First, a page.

• 14 O. Edenhofer et al., op. cit.
  • 15 C.A.S. Hall, J.G. Lambert, S.B. Balogh: EROI of different fuels and the implications for society, in: Energy Policy, Vol. 64, 2014, pp. 141-152.
  • 16 Ibid.
  • 17 WU Global Material Flows Database, op. cit.
  • 18 O. Edenhofer et al., op. cit. This figure refers to Agriculture, Forestry and Other Land Use (AFOLU).
  • 19 United Nations Framework Convention on Climate Change: Land Use, Land-Use Change and Forestry (LULUCF), 2016, available at unfccc.int/land_use_and_climate_change/lulucf/items/1084.php.
  • 20 Food and Agriculture Organization of the United Nations: Global Forest Resources Assessment 2015, Rome 2015.
  • 21 J. Gołaszewski et al.: State of the Art of Energy Efficiency in Agriculture, Agriculture and Energy Efficiency, 2012.
  • 22 J. Woods, A. Williams, J.K. Hughes, M. Black, R. Murphy: Energy and the food system, in: Philosophical Transactions of the Royal Society B: Biological Sciences, Vol. 365, No. 1554, 2010, pp. 2991-3006; N. Pelletier et al.: Energy intensity of agriculture and food systems, in: Annual Review of Environment and Resources, Vol. 36, 2011, pp. 233-246.
  • 23 F. Krausmann, H. Haberl: Land-use change and socioeconomic metabolism: a macro view of Austria 1830-2000, in: M. Fischer-Kowalksi, H. Haberl (eds.): Socioecological Transitions and Global Change – Trajectories of Social Metabolism and Land Use, Cheltenham, Northampton 2007, Edward Elgar Publishing.
  • 24 F. Krausmann, H. Haberl, N. Schulz, K.H. Erb, E. Darge, V. Gaube: Land-Use Change and Socioeconomic Metabolism in Austria, Part I: Driving Forces of Land-Use Change 1950-1995, in: Land Use Policy, Vol. 20, No. 1, 2003, pp. 1-20.
  • 25 D. Pimentel, W. Dazhong, M. Giampietro: Technological Changes in Energy Use in the U.S. Agricultural Production, in: S.R. Gliessmann (ed.): Agroecology, Researching the Ecological Basis for Sustainable Agriculture, New York 1990, Springer, pp. 305-321.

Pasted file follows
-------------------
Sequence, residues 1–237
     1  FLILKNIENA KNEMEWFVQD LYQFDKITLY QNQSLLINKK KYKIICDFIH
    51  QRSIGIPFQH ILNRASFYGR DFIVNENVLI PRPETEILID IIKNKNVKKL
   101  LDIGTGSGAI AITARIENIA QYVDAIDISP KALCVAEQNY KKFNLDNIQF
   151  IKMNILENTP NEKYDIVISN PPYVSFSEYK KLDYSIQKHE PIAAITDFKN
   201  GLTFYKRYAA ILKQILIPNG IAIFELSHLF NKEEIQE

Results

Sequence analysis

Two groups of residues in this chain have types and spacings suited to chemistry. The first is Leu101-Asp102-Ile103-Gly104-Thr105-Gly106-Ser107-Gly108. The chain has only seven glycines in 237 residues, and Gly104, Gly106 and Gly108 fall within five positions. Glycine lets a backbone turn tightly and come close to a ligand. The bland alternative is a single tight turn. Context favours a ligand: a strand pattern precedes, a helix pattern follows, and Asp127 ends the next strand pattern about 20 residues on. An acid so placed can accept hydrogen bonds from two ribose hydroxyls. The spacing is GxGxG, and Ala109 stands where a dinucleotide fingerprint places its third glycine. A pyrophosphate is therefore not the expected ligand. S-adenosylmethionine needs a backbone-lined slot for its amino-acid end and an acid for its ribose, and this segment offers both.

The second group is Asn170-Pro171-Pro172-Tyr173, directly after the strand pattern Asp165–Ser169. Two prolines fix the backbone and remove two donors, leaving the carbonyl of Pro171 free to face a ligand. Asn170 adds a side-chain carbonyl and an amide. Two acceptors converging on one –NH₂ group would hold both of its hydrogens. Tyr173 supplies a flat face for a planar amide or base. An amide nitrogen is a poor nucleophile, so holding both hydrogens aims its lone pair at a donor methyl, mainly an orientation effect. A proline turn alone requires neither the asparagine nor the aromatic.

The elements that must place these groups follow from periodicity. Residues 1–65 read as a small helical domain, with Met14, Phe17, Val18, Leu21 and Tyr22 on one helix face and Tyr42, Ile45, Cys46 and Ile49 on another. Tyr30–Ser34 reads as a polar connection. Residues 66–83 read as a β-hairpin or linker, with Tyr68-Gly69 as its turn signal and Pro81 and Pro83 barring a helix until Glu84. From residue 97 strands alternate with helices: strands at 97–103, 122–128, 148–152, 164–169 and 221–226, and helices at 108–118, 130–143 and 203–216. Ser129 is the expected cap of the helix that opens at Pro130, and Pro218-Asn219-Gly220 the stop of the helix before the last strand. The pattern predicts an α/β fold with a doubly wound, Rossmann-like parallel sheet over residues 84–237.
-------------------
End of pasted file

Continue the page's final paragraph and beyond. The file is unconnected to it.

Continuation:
• 26 WU Global Material Flows Database, op. cit.
  • 27 World Business Council for Sustainable Development and International Energy Agency: Cement Technology Roadmap 2009, Carbon emissions reductions up to 2050, 2009.
  • 28 European Commission: EU Energy in Figures, Statistical Pocketbook 2015, 2015.
  • 29 M. Economidou et al.: Europe’s Buildings under the Microscope – A country-by-country review of the energy performance of buildings, Buildings Performance Institute Europe, 2011.
  • 30 Spatial Planning and Energy for Communities In All Landscapes: Energy efficient Buildings and Retrofitting, 2016, available online at http://www.special-eu.org/knowledge-pool/module-4-implementation-of-sustainable-planning/energy-efficiency-retrofitting/.
  • 31 N. Shaw, R. Loossens: RESIDE – Boosting innovation in the European building REfurbishment sector through roadmaps for demand SIDE policy measures, Deliverable 1.1 – A baseline scenario for energy efficiency renovations in Europe’s residential buildings, 16 February 2015.
  • 32 WU Global Material Flows Database, op. cit.
  • 33 Aldersgate Group: Beyond Carbon: Towards a Resource Efficient Future, London 2010.
  • 34 United Nations Environment Programme: Environmental Risks and Challenges of Anthropogenic Metals Flows and Cycles, 2013.
  • 35 Ibid.
  • 36 European Aluminium Association: Recycling Aluminium – A Pathway to a Sustainable Economy, 2015.
  • 37 United Nations Environment Programme: Recycling Rates of Metals – A Status Report, 2011.

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DOI: 10.1007/s10272-016-0604-0